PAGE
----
The Agriculture Improvement Act, or “Farm Bill,” is the most important legislation shaping United States food systems. Passed only twice per decade, the bill determines how we grow, distribute, and dispose of food in the U.S.
Over the next five years, the U.S. federal government will spend more than $700 billion through the Farm Bill, including in critical nutrition that supports more than 40 million people in the United States. If the 2023 Farm Bill looks like 2018 Farm Bill, it will also reinvest in the factory food system model that perpetuates needless suffering, largely through animal agriculture.
Traditional Farm Bill spending hurts nearly all of us, including:
- 10-billion-plus farmed animals in the U.S.
- 90-plus-percent of people in the U.S. who are, by fruit and vegetable consumption, nutritionally insecure
- Farmers and farm communities suffering from social, economic, and environmental injustice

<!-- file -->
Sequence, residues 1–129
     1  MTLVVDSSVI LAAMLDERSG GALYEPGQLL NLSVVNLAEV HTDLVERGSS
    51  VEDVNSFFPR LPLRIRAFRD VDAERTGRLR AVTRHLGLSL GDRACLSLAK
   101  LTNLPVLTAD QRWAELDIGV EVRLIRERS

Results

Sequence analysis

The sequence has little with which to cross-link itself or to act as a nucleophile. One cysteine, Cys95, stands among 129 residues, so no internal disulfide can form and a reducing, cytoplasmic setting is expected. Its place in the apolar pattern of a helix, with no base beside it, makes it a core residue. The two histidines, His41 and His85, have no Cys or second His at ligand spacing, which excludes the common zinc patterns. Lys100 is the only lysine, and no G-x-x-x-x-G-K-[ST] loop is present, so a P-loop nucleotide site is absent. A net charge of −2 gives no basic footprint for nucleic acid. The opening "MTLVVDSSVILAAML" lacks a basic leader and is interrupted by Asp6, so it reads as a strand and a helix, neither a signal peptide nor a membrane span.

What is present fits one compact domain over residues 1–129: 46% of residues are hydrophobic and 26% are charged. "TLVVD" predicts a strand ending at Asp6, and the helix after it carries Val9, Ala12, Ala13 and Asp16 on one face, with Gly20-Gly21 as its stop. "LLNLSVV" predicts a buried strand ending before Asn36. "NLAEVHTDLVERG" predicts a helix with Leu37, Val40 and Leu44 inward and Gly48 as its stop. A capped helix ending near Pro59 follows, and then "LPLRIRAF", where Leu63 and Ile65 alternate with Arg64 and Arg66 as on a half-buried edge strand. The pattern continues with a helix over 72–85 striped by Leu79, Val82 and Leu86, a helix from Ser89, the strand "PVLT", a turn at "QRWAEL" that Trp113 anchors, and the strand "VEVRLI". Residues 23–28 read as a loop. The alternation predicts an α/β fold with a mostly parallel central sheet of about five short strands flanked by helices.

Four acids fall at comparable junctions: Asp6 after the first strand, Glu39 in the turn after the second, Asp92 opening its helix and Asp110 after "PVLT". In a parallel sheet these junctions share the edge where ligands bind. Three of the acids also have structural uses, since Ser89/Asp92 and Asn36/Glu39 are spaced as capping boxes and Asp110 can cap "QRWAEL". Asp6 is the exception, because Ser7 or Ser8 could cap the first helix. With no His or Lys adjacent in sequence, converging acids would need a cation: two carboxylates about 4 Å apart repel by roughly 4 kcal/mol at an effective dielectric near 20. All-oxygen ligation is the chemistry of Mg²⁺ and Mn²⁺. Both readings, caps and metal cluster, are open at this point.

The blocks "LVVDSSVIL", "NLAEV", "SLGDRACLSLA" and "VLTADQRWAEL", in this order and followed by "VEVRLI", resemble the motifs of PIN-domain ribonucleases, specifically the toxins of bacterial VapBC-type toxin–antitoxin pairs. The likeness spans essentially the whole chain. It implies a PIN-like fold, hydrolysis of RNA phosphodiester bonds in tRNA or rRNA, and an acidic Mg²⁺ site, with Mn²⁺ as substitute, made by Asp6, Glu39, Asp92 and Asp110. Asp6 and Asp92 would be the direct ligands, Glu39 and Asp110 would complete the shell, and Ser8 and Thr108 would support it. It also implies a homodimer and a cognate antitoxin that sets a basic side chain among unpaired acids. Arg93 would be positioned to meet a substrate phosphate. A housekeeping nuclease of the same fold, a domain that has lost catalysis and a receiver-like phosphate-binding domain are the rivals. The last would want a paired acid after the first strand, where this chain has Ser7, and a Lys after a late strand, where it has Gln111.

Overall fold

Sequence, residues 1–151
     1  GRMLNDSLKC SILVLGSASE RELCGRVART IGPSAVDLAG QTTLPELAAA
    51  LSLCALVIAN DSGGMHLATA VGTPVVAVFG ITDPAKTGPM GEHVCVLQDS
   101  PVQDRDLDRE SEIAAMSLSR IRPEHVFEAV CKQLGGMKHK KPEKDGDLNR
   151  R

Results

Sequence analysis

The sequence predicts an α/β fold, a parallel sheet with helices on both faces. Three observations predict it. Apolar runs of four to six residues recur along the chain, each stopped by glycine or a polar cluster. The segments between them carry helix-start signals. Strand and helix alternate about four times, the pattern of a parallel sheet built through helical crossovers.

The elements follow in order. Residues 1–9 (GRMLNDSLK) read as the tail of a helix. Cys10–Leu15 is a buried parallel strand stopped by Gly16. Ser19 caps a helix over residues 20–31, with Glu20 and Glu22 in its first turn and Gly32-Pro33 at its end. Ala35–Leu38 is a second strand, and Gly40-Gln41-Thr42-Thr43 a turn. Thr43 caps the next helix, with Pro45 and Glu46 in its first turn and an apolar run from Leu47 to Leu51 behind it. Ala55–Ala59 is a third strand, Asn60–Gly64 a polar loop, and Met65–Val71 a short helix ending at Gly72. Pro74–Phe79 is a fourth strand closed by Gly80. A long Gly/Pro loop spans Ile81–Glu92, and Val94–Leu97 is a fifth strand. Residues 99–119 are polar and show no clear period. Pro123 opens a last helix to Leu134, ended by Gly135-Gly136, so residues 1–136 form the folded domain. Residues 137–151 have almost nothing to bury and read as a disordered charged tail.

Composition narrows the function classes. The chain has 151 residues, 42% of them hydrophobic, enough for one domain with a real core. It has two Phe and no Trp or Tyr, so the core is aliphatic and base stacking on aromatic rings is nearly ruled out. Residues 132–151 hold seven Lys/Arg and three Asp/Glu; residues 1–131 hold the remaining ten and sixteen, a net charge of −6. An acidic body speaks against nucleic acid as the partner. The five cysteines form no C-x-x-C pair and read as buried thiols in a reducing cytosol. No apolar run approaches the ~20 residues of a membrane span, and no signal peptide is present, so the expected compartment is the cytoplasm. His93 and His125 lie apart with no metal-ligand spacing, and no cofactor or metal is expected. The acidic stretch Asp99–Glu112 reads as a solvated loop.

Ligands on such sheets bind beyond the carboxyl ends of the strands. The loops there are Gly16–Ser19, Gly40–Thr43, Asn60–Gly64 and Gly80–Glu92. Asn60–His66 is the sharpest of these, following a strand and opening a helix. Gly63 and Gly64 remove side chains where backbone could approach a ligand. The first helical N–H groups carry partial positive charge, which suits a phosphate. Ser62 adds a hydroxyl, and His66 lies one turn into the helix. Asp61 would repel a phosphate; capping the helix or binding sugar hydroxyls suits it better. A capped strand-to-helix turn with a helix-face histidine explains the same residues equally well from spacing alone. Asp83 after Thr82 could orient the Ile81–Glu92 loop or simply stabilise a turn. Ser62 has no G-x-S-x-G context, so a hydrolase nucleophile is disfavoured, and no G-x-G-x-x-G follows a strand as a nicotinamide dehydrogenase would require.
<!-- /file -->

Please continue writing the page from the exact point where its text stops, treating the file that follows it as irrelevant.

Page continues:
- Our local rivers and streams, our global climate, and all who rely on our shared environment to flourish
Only Big Ag, millionaire landowners, and billionaire investors truly benefit from the Farm Bill’s factory-food-system approach.
Farm Bill investments should catalyze food system transformations that benefit all of us – animals, people, and the planet. The Farm Bill should spark a shift from a factory farm, industrial model of harm, extraction, and unsustainability to flourishing food system models of healing, mutuality, and true sustainability.
Public investments should build nutrition for all, sustainable farmer opportunity, and advance justice across the food system supply chain. The federal government should invest in the plant and plant-based supply chains that could one day nourish everyone. We should choose to invest taxpayer dollars in food systems that advance shared purpose rather than guarantee corporate profits.
To build a food system that works for everyone, we need to shift the Farm Bill: from Big Ag bailout to “building the good” for animals, people, and the planet.